Saturday, February 6, 2010
Updated: February 7, 8:19 PM ET
Cowboys' run to immortality complete
By Calvin Watkins
FORT LAUDERDALE, Fla. -- Through the tears, hugs, handshakes and smiles from Saturday's busy day at the Pro Football Hall of Fame selection show, Emmitt Smith and Tony Dorsett could go down as the two greatest running backs to play for the same team in NFL history.
Smith, who was selected into the Hall on Saturday, combined with Dorsett to rush for 29,198 yards for the Cowboys. No other pair of running backs in any other team's history has even reached 23,000 yards.
Think about that. That's more than Walter Payton and Neal Anderson. More than Thurman Thomas and O.J. Simpson. More than Barry Sanders and Billy Sims.
Hey, that's more than Jim Brown and Leroy Kelly.
The closest pair of backs to Smith and Dorsett is Payton and Anderson with 22,892 yards.
"I never took it from that vantage point," Dorsett said. "When you look at it from that perspective, there's a lot of yards amongst the two. I don't think there's ever been any two men in any franchise's history that compare to that amount of yards."
Same goes for their touchdown total. Dorsett and Smith combined for 225 rushing touchdowns, most in league history for a duo with one team. The closest pair is LaDainian Tomlinson and Chuck Muncie with 181 touchdowns for the San Diego Chargers.
What makes Dorsett and Smith so special is that they're different.
Gil Brandt, the former Cowboys executive who drafted Dorsett and later scouted Smith, compared the two.
"Emmitt is more of an inside runner," Brandt said. "A stronger-legged runner is what he is. I think Dorsett is a runner who relied on quickness and running ability. You look at the runs Tony made. He made a run against St. Louis, a 2-yard run, and it is one of the great runs of all time, and you look at Emmitt and he moves the chains. They run that lead draw [play] for 11,000 yards, that's what they did."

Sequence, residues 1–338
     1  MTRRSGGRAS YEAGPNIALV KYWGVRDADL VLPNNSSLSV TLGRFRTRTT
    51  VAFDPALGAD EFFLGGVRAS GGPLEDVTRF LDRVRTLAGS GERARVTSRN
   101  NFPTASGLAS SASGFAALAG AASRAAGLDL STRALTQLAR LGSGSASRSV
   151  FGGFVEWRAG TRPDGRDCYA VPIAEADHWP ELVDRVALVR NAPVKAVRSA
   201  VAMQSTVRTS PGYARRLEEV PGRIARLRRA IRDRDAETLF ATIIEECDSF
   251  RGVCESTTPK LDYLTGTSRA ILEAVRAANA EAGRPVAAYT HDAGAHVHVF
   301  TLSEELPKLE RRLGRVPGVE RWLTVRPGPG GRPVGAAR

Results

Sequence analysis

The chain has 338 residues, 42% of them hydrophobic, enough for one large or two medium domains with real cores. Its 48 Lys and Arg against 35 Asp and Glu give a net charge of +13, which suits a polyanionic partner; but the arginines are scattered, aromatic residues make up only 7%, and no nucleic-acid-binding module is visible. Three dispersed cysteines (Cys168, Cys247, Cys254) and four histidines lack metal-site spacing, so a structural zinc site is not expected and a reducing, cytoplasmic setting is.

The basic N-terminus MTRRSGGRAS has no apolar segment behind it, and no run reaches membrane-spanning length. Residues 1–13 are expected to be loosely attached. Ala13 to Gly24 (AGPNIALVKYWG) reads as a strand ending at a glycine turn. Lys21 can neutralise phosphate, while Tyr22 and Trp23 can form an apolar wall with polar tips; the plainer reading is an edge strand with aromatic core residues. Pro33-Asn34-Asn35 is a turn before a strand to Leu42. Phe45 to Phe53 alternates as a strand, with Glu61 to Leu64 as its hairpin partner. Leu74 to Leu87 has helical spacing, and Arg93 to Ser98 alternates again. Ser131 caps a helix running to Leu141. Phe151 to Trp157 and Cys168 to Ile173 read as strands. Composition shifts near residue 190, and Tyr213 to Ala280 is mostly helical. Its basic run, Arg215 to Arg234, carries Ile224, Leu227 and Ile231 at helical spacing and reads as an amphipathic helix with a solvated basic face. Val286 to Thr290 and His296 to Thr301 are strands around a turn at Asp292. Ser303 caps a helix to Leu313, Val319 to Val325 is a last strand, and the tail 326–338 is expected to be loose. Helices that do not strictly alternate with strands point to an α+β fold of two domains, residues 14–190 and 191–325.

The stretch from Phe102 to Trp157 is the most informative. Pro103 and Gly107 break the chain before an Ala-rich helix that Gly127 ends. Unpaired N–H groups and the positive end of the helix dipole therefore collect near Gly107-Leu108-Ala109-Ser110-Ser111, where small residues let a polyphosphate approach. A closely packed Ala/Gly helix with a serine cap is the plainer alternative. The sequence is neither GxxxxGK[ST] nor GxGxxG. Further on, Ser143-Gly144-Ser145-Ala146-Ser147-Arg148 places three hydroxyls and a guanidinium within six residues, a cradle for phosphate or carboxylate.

It adds to the value of how special the Cowboys were when they had a strong running game. It led to championships. Smith has three rings and Dorsett one.
Smith was never fast, but he was a physical back who could make defenders miss or could bowl them over. All week, people discussed how he played in pain during games, and Cowboys owner and general manager Jerry Jones spoke of how Smith would practice with a severe case of the flu as if it was nothing. His toughness was his biggest asset.
"I didn't have the 4.3 or 4.2 blazing speed," Smith said. "But I had enough speed to get from Point A to Point B and do my job effectively."
Dorsett was fast. You remember that 99-yard touchdown Dorsett had that Monday night at Minnesota in 1983, the longest in league history. You also remember the moves Dorsett threw on a defender that shook him up.
"Any time Tony touched the ball, it could be six," former teammate Ed "Too Tall" Jones said. "One of the fastest and knowledgeable backs I've ever seen in terms of using his blockers."
And now Smith and Dorsett are together in the Hall. Dorsett is still revered back home in Dallas. All week long, as he walked around the media center and parts of the city, he was treated like a popular singer going on tour.
Smith got that treatment too. He did all the network shows when he arrived here early in the week and was hounded for autographs and interviews.
He started his Saturday at the home of radio personality Tom Joyner, eating chicken and waffles and playing cards. Smith said he was rather calm for most of the day, and his wife, Pat, agreed, but she noticed her husband get a little emotional when he heard his name getting called.
"I could see the look on the face," Pat Smith said. "When they called his name, that changed everything."
Why wouldn't it, especially when you're joining Dorsett in the Hall of Fame?
"It's like coming through a cloud or walking through fog and then the doors are opening up, and everyone is there sitting, waiting and welcoming the young players," Smith said. "That's a wonderful feeling because [the Hall of Fame] level is a great group of men that has done so many great things at this level, and they know what it's like. To be able to stand alongside Tony and many other great Cowboys that are there, it's a great feeling."
Calvin Watkins covers the Dallas Cowboys for ESPN Dallas. You can follow him on Twitter or leave a question for his weekly mailbag.